Jeff Frelick - Canaccord

Okay. And then last question Mike, you have talked about the range of hospital labs that are placing Verigene into, just are you seeing any multiple system placements at the IDNs or larger healthcare systems? Thanks.

Mike McGarrity

Yes, we are Jeff, in fact we’ve had data published from similar customer sites that are part of three or four hospital IDNs and the other positive aspect of that is that usually one site serves as the pilot for adoption, validation, mutation, value proposition, and therefore we expect that also contribute to some contracted validation timelines as the additional hospitals bring up the gram-positive, gram-negative tests as part of their protocol.

We are very encouraged by the distribution of our customer base from as I commented on the full range which we believe is a really positive indicator of that broader market adoption. Jeff?

Jeff Frelick - Canaccord

Okay, thanks Mike. All set.

Operator

(Operator Instructions). We will take our next question from Chris Lewis with Roth Capital Partners.

Chris Lewis - Roth Capital Partners

Hey, good morning guys. Thanks for taking the questions here. First off I guess for the guidance for 2014, I was hoping you could talk about the methodology you used to determine that outlook and perhaps how that compares and differs from the approach you took when you provided your initial 2013 guidance a year ago?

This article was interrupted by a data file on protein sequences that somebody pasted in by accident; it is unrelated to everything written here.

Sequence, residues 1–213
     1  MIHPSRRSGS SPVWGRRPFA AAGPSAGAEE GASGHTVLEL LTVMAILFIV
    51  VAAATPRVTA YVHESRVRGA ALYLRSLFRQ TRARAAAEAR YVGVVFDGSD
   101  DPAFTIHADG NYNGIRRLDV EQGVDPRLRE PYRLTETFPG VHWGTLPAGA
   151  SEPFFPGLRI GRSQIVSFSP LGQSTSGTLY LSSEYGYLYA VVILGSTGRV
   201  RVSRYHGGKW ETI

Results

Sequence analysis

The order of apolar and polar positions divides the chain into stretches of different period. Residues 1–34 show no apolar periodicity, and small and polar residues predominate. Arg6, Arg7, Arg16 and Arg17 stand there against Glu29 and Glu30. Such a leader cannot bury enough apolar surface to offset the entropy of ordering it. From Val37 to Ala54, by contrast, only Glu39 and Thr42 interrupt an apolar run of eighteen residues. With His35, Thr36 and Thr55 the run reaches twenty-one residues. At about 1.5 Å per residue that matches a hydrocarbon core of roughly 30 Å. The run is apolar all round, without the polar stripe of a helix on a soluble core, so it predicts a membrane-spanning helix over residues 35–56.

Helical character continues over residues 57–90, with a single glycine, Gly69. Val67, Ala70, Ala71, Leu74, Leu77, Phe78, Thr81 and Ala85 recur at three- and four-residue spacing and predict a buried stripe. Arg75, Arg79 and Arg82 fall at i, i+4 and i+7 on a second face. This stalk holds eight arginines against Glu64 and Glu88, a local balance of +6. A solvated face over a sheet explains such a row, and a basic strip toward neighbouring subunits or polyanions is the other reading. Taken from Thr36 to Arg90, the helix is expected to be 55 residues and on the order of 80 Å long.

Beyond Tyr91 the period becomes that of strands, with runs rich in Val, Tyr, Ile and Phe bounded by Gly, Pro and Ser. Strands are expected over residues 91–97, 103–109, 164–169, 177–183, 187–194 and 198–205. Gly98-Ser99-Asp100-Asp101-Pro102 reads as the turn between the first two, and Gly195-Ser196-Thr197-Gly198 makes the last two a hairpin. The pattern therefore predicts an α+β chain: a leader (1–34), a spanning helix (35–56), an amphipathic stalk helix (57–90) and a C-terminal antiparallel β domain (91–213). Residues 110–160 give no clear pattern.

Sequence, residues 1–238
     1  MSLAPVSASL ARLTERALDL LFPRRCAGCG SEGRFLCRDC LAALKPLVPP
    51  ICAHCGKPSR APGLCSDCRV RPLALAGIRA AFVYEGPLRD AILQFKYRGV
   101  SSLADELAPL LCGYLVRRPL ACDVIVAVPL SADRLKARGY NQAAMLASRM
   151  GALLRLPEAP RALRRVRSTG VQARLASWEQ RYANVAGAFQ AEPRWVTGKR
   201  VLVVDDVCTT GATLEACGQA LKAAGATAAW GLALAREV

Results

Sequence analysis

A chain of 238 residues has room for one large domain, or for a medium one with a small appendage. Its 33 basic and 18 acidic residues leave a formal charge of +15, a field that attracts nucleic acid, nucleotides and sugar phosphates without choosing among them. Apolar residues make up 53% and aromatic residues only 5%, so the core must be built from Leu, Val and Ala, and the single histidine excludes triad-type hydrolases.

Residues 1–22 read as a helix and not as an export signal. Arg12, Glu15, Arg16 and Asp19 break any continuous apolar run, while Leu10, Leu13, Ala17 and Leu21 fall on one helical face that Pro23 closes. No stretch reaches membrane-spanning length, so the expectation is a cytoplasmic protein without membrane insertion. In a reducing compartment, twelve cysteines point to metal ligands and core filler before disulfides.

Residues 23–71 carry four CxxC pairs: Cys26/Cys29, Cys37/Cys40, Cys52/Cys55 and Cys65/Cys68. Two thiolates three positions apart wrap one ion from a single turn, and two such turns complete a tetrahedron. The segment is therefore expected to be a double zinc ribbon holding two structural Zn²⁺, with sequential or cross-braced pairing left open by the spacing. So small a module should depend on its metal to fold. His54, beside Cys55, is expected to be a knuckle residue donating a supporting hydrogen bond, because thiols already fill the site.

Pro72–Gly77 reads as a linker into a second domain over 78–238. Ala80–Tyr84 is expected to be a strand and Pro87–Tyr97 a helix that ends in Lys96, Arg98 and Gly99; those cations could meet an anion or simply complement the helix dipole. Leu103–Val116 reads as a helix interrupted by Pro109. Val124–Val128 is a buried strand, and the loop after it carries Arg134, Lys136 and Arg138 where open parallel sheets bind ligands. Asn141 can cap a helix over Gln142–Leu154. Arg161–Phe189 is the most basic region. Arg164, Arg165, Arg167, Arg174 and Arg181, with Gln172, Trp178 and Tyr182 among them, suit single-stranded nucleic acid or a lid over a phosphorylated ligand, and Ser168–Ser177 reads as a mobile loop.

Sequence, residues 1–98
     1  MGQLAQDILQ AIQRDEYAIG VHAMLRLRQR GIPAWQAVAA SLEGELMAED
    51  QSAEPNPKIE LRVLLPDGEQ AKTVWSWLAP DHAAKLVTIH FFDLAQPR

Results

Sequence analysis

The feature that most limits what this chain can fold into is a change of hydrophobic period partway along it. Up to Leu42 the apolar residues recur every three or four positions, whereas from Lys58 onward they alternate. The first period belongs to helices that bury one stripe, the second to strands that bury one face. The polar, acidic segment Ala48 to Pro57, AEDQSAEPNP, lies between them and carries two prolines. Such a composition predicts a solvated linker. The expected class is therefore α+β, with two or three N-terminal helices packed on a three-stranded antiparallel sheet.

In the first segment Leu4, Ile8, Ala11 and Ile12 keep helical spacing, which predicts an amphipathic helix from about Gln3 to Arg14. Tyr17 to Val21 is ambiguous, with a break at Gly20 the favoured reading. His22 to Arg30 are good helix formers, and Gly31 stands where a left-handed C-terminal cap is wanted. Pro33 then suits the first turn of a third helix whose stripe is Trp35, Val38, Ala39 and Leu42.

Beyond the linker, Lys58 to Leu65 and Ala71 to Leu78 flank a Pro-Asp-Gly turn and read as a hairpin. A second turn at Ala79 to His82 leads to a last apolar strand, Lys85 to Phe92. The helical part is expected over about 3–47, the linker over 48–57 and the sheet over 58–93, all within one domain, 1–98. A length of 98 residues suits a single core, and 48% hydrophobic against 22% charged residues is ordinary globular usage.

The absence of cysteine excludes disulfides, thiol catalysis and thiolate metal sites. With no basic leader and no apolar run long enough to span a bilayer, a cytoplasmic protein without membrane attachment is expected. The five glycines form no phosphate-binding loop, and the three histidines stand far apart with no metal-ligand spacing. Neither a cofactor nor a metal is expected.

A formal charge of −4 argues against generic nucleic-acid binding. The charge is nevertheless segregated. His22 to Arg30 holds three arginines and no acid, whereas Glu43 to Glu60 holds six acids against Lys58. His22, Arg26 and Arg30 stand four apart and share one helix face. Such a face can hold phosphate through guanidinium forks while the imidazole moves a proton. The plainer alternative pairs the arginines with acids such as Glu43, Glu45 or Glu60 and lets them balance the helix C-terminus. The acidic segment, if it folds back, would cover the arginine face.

Mike McGarrity

Yeah, Chris, I think what we have going into this year that we didn’t have last year is experience and visibility to the process particularly with the gram-positive blood culture assay which is a real standard changing approach to the way hospitals diagnose and treat these patients. And we as we've discussed under estimated, some of the complexity of the implementation with that in 2013 as we moved our customers to the process. We have clear visibility to that process. We understand how hospitals implement. We have a blueprint based on our hospital to hospital experience that helps guide customers with that process. We have invested in field supports to drive that. And finally, we have customer experience published data that provides evidence of the value proposition that is empirically or intuitively understood through the stakeholders of laboratory, pharmacy infectious disease and administration.

I would point to a couple of the key publications we had this year from Banner Health that shows deescalation from vancomycin to methicillin going from 30% to 90% with rapid reporting of our results as well as the cost savings benefit of 22 days reduction length of stay, $60,000 cost savings per patient and the significant healthcare economic value.

So, what we're basing our guidance on is our current installed base, our projected customer placement pipeline and incorporating the times to go live and implementation that we have experienced while continuing to drive efforts to contract those timelines which will update as we get visibility to that -- those efforts as we go through the year.

Chris Lewis - Roth Capital Partners

Okay, great. Thanks for the detail there. And then you mentioned that building customer placement pipeline, I was hoping you could expand on that a bit and perhaps quantify the pipeline of those customers?

Mike McGarrity